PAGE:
A new approach to immunotherapy that engineers patients’ immune cells to recognize and attack tumor cells continues to gain speed: Juno Therapeutics and Kite Pharma both intend to bring chimeric antigen receptor T-cell (CAR-T) therapies to market next year.
Following the publication of updated clinical trial data, presented at the American Society of Clinical Oncology (ASCO), both companies commented to Reuters that they aim to win approvals for their products next year. Specifically, Kite Pharma aims to file this year for FDA approval of its therapy, KTE-C19, for patients with diffuse large B-cell lymphoma (DLBCL). And Juno is currently enrolling patients with acute lymphoblastic leukemia (ALL) in a mid-stage trial of its therapy, JCAR015, the data of which it believes will support accelerated approval.
CAR-T therapies involve extracting a patient’s T cells, genetically modifying the T cells to express CARs that can recognize cancer-specific antigens, and then reinfusing the transfected cells into the patient.
At ASCO, Juno presented an update on its trial, JCAR015: Among 25 patients with advanced ALL, 77 percent achieved a complete response rate. That rate increased to 90 percent in patients who had minimal disease.
Kite Pharma presented its data: In a National Institutes of Health early-stage study that administered low-dose chemotherapy and its therapy, KTE-C19, to 19 patients with various subtypes of DLBCL, 8 trial participants experienced a complete response and 5 had a partial response.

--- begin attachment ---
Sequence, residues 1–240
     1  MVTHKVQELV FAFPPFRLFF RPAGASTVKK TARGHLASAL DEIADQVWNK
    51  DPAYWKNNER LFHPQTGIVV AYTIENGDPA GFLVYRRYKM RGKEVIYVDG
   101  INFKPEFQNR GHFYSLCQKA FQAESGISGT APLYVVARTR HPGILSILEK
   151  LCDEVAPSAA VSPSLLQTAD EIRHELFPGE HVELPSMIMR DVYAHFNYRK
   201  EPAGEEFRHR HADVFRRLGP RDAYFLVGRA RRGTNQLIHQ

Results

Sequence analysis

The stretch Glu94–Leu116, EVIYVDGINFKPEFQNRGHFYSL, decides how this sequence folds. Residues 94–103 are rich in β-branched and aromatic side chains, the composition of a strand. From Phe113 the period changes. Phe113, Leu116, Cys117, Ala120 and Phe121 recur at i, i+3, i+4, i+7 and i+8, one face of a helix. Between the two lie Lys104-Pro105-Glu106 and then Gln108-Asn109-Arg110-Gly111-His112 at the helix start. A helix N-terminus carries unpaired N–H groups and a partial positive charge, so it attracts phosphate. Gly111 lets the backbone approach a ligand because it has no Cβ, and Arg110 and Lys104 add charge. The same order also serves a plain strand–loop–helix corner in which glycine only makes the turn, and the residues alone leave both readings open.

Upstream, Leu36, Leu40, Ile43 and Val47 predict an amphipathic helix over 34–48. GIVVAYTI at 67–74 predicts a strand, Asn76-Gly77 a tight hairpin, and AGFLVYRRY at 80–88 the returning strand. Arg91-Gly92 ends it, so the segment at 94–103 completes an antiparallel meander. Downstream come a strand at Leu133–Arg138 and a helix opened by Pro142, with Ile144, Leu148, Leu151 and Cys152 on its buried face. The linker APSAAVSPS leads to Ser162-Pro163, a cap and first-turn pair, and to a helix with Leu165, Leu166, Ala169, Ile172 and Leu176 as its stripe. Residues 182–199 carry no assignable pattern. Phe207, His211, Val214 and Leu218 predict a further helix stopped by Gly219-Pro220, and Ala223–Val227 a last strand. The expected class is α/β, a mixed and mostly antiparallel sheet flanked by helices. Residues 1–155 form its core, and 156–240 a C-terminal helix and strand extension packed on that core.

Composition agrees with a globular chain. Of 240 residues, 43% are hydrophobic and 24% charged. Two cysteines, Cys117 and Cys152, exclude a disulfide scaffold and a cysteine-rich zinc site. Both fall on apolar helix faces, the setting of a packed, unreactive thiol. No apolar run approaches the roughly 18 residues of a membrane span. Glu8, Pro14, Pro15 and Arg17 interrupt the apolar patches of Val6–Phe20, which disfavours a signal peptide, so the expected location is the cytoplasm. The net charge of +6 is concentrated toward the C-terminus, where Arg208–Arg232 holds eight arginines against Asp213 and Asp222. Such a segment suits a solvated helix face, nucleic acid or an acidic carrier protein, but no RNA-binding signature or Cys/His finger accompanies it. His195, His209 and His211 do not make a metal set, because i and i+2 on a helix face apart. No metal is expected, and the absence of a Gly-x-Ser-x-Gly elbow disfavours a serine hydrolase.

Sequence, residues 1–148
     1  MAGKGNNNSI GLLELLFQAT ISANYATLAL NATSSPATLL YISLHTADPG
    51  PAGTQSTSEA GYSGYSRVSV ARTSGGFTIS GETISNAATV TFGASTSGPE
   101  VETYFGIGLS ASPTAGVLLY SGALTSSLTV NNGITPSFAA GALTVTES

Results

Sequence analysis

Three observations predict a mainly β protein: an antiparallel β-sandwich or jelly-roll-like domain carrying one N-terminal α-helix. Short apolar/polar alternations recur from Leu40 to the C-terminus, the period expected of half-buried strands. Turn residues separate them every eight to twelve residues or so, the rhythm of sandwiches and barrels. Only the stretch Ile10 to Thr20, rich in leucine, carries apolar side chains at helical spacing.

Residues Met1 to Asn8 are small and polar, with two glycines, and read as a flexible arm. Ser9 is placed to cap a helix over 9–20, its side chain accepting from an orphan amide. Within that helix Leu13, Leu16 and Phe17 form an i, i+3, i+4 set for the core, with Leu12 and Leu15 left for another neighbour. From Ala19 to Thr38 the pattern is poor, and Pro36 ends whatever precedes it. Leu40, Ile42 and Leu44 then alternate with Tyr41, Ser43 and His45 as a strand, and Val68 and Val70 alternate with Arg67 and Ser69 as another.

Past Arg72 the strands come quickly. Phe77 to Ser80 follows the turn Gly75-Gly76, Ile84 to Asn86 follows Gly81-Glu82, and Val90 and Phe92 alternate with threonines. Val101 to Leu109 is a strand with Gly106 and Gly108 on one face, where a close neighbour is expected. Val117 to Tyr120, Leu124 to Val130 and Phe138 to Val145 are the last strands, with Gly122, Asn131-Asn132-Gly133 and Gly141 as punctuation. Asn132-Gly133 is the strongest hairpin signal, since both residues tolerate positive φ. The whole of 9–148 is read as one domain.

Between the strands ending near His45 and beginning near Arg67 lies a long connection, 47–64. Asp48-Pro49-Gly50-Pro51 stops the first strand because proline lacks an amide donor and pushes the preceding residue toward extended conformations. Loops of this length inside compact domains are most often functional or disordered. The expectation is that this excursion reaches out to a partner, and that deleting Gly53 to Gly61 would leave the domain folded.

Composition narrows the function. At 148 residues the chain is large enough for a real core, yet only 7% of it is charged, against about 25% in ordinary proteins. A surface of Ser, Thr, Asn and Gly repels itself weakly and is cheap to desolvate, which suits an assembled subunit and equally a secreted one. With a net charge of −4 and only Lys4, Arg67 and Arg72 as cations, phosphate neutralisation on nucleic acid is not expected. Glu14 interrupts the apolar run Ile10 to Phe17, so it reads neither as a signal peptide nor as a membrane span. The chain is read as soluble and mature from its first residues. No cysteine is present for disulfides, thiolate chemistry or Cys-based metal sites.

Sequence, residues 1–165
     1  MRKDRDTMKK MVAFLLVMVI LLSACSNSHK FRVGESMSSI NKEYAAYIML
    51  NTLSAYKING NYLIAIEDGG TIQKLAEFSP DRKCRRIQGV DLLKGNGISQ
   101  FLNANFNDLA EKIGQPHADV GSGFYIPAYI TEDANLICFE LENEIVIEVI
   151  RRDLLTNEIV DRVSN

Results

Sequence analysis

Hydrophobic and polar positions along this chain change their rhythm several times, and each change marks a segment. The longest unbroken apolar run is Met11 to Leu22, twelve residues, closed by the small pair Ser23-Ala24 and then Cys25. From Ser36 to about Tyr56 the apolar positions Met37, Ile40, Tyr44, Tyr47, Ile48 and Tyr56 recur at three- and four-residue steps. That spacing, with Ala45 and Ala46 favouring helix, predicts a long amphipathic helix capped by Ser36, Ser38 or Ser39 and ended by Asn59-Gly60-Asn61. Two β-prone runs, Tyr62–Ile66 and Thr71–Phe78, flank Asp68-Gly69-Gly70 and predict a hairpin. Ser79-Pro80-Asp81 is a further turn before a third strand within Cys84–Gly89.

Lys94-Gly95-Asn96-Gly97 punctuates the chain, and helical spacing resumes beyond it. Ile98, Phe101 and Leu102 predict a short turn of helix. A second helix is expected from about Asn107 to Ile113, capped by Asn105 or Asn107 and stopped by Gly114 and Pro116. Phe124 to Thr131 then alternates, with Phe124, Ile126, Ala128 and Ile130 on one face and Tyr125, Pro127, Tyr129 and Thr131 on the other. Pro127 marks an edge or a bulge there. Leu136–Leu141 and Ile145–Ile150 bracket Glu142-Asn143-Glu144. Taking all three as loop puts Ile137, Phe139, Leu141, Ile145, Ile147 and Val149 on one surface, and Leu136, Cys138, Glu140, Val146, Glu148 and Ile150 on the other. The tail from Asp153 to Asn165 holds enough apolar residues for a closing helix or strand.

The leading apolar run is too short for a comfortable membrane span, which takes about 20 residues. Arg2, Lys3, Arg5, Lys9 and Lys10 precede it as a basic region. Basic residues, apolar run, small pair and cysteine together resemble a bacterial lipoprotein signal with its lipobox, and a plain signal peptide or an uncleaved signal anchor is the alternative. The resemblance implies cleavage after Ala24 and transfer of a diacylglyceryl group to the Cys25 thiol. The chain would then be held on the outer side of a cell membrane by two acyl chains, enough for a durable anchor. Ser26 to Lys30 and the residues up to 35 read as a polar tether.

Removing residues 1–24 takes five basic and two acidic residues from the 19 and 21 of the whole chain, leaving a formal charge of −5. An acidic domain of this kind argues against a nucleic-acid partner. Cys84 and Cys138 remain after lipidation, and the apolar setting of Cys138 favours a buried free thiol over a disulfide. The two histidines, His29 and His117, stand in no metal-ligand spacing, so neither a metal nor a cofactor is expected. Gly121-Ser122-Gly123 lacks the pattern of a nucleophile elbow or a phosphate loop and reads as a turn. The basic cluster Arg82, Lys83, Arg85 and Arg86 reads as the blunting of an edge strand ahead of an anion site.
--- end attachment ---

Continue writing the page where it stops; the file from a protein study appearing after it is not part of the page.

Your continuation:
Although the response rates of these CAR-T therapies appear promising, there are risky side effects to the treatments. One in particular is cytokine-release syndrome, in which the T cells rapidly release a large number of cytokines into the blood stream. This can result in dangerously high fevers and precipitous drops in blood pressure.
But Juno’s CEO Hans Bishop isn’t deterred that CAR-T therapies’ risks could outweigh any benefits. “These are patients that are relapsed and refractory,” he told Reuters. “They are going to die of their disease. We can get 90 to 100 percent of them into remission, and a meaningful percentage of them have durable remission.”
Juno said it is also looking into developing an assay to identify which patients might respond negatively to its therapy prior to beginning treatment.
Last year, Kite Pharma confirmed a patient death that took place during an early-stage KTE-C19 trial was unrelated to the company’s therapy.
Filed Under: Drug Discovery